4. These two are an interesting couple or ex-couple. The Ex-husband is a real scum bag. I was amazed at the claim that he didn’t show the video to anyone except his sister-in-law. How did they ever think that disclosing to any third party is not a disclosure? I have to go now and check out all the hiding spots in my bedroom!

  5. seamus,

    I heard someone decided to take down equipment in your office bathroom. The fart cam is out of business!

  6. Patty C:

    They have no capacity to execute those NDA’s and I will take that case pro bono.

    ever see Dane Cook’s stand up routine?

  7. I agree, mespo – to a point. These two do sound made for each other, but I would be mortified to learn I was married to a hi-tech closet
    ‘peeping tom’ and that my sister is a ‘voyeur’.

    However, the people who invested in Madoff’s schemes were far from stupid.

    It was the SEC who was stupid and willfully blind to repeated warnings for a decade. That’s how a 10B scam turned into a 50B scam.

    Both Henry and Casey recall Markopolos alerting SEC officials of his suspicions and giving them memos, starting with the Boston office around 2000, and later, according to Casey, contacting officials at the SEC’s New York offices.

    Henry said yesterday that when he first heard of Madoff’s arrest, he called Markopolos to compare notes.

    Markopolos, Henry said, remarked, “It’s about time!”

  8. That’s not really true mespo,

    Warnings (very specific ones — it’s a ponzi scheme) about Madoff have been around for years. If they didn’t know it’s because they didn’t want to know. The evidence was also right in the claimed returns–these returns were not credible. Yet people looked the other way and invested anyway.

  9. Jill:

    The difference is that Madoff’s victims didn’t know his intentions before getting into bed with him. Our fine spouses here did. They’d have a tough row to how with me as judge.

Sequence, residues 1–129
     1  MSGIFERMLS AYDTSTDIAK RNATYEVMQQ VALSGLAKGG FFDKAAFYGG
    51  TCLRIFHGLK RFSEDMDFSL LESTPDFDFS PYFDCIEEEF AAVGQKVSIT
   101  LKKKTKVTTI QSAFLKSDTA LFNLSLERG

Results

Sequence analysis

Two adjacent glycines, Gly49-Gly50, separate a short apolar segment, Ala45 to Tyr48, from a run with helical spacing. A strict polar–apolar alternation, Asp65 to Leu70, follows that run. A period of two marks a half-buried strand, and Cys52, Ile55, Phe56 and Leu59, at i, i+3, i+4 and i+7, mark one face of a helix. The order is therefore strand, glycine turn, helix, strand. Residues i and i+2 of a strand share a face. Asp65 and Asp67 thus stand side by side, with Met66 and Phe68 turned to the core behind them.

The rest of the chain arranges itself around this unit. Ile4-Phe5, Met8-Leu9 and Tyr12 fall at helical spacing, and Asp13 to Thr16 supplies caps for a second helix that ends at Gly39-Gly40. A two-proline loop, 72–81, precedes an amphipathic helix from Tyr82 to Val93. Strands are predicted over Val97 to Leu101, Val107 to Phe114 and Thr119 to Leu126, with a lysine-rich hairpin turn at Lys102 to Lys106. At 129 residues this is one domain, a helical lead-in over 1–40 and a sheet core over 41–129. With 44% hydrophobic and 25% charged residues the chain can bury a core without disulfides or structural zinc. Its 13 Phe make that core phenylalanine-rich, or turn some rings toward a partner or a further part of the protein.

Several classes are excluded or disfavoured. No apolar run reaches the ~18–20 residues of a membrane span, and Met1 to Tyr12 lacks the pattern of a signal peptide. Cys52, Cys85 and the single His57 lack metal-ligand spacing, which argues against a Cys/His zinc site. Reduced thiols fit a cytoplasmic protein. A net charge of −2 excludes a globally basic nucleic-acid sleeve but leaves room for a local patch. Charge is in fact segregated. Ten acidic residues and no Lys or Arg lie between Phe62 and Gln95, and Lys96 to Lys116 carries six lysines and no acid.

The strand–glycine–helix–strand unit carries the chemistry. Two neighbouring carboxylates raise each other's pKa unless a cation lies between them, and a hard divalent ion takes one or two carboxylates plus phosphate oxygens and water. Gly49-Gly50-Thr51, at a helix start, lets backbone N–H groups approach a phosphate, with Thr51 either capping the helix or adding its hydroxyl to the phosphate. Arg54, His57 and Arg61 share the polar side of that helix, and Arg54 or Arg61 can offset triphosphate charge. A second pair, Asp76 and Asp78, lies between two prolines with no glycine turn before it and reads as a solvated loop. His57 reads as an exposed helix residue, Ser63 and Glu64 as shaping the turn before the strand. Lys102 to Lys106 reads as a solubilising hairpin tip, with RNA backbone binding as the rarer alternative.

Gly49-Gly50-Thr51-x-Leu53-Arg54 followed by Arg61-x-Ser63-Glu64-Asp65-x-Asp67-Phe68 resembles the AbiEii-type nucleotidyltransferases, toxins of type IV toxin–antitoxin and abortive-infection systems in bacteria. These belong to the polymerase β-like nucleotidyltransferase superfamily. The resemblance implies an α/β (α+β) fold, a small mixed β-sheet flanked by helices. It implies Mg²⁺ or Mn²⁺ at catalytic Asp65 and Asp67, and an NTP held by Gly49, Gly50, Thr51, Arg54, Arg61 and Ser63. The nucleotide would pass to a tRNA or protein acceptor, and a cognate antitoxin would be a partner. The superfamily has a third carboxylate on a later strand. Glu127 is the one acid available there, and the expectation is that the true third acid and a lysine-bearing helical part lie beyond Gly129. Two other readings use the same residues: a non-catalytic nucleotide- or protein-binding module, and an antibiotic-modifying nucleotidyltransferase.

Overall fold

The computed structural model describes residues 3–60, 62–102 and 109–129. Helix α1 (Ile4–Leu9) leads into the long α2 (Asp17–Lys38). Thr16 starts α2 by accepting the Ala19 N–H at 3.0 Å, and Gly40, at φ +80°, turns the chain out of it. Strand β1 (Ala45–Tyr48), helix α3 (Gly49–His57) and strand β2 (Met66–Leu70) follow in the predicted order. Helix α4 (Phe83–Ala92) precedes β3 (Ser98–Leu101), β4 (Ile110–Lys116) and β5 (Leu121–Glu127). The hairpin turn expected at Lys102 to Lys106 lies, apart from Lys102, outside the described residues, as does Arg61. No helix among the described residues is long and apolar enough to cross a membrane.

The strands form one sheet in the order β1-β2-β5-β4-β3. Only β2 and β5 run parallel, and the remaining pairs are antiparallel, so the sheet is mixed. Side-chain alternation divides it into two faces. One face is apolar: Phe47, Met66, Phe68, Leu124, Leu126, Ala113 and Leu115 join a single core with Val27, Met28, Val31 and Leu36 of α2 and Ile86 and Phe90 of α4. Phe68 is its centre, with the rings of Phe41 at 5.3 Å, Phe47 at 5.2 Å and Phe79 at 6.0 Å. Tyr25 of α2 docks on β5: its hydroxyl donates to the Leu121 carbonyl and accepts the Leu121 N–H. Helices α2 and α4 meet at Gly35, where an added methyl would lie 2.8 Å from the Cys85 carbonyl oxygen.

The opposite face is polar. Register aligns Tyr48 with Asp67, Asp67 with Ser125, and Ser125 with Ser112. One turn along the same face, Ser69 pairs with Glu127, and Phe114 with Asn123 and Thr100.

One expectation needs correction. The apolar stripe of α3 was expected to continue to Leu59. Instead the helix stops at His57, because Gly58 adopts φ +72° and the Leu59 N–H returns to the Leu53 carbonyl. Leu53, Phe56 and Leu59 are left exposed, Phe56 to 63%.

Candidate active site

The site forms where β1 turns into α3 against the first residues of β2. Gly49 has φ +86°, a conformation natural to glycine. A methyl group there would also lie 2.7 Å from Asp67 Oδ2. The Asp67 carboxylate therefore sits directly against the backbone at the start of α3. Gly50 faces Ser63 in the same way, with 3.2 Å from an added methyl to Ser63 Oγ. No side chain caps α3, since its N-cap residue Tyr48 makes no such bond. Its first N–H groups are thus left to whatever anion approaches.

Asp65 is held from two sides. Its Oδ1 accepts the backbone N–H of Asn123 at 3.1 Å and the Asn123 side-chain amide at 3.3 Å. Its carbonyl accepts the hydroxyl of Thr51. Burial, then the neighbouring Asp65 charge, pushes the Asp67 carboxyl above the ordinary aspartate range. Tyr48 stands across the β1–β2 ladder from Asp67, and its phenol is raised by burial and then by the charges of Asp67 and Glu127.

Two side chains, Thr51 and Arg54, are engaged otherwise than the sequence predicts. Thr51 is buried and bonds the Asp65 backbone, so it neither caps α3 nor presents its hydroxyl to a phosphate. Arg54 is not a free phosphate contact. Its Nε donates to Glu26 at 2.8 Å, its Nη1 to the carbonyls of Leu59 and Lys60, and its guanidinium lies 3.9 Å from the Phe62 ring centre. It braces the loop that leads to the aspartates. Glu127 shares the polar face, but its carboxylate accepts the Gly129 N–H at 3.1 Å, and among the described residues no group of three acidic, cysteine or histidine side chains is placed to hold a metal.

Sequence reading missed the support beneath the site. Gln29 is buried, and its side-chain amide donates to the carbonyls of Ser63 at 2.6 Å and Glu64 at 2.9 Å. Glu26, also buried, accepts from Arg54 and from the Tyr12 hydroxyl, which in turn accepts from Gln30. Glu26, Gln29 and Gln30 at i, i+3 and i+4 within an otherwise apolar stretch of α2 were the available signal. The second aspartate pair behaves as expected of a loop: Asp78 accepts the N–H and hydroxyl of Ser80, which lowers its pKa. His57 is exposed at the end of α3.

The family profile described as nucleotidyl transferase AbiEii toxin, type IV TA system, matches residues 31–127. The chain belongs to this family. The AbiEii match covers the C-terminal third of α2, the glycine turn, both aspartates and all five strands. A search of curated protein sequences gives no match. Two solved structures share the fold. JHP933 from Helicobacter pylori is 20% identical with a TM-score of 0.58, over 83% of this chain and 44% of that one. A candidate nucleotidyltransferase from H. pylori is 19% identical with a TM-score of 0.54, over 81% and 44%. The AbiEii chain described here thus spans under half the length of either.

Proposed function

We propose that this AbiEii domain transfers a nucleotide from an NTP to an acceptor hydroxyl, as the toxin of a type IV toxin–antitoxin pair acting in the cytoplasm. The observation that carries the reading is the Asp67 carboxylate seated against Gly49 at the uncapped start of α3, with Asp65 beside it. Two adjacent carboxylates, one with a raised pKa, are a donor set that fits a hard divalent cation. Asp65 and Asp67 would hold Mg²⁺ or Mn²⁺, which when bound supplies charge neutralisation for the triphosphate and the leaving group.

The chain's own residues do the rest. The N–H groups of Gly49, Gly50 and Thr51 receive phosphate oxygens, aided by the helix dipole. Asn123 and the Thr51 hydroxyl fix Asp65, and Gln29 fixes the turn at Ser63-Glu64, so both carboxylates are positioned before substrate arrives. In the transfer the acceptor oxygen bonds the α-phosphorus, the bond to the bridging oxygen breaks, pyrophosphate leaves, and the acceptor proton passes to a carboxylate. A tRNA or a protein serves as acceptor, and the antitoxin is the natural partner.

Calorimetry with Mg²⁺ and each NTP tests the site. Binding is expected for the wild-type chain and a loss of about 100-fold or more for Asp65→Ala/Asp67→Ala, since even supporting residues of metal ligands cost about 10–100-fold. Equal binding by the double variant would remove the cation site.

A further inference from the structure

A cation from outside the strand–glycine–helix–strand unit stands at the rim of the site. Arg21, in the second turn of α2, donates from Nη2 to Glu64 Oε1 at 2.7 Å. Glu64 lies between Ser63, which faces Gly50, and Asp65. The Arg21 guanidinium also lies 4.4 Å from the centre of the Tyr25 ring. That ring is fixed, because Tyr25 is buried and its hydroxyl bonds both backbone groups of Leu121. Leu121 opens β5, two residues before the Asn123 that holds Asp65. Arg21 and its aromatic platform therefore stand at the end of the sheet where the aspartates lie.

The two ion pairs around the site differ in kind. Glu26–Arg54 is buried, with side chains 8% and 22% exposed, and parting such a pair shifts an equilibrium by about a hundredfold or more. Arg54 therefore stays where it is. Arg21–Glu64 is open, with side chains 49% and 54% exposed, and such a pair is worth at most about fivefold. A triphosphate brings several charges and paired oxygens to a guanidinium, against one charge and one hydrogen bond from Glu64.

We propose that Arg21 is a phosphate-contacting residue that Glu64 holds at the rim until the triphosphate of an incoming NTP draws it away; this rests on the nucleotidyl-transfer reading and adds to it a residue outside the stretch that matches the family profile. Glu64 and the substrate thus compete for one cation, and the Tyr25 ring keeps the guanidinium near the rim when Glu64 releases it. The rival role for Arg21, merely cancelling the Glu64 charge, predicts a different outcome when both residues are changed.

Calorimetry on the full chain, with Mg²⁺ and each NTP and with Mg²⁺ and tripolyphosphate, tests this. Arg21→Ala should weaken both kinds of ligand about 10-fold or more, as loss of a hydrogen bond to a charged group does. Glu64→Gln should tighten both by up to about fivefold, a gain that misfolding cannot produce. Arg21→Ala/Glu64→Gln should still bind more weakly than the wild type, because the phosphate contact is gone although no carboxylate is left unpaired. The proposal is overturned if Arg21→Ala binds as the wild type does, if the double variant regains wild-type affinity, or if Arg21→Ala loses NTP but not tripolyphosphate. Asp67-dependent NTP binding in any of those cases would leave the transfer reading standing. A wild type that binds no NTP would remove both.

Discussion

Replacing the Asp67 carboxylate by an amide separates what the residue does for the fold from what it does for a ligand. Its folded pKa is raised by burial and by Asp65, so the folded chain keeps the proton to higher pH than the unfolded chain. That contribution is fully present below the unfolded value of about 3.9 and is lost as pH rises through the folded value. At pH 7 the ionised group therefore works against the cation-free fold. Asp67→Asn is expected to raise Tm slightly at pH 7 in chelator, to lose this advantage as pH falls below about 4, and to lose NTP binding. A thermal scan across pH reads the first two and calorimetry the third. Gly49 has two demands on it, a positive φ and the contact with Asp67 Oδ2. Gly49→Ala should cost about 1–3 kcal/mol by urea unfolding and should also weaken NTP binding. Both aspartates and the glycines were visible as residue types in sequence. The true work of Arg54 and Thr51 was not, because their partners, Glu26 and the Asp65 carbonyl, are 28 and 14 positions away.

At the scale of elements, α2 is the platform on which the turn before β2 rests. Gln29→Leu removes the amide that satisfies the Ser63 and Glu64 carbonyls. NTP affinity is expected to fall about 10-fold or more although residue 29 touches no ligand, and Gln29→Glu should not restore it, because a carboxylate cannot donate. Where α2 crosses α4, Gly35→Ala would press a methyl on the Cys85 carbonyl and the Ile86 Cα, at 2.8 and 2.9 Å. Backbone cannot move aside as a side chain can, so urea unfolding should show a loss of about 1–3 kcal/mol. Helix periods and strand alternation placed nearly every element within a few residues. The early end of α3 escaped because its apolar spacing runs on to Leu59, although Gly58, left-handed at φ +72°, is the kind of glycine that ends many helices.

10. mespo,

    I agree that the taping before marriage is really creepy and certainly would be an excellent argument for never getting married or dating (either one of them!), but even really stupid people should have recourse in the courts. The people who invested in Madoff’s ponzi scheme give every indication of being both stupid and greedy but they still got ripped off. If we wait for pure plaintiffs we might as well close the courts!!! (Maybe Snow White v. The Wicked Queen???)

    Nevertheless, I have seen people be more and more ready to tape each other and get into the private lives of others and I find that disturbing. The privacy zone in our lives is almost non-existent, due to the govt., corporations and so called intimates!!! Yicks!

  11. Patty C:

    They have no capacity to execute those NDA’s and I will take that case pro bono.

  12. ‘Since my kids treat my morning shower as a live performance suitable for group viewing, I can’t imagine any privacy expectations that I have left at this point. However, this case hits at a fascinating point between common views of spousal and tort liability.’

    What about those annual ‘NDA’s’ you have the children sign, JT?

  13. “Even before their marriage, Jeffrey and Cathy had recorded each other’s telephone conversations without the other’s knowledge and consent.”

    These two are creepy and made for each other. Spy versus spy? I would have denied each a recovery against the other on the grounds each assumed the risk by marrying the other.

  14. He showed them to her sister? ICK!!!

    I think this is the correct ruling. Marriage started out as “the two shall become one and that one shall be the man”. The father gives away his ownership of the bride to the ownership of the husband (giving her hand in marriage). These views of marriage still lurk, sometimes in complete openess, in our legal system.

    The idea of marriage as two people who give up their individuality needs to go. Marriage gives people legal rights and responsibilities towards each other. It should not be taken to dimish the personhood of the two partners.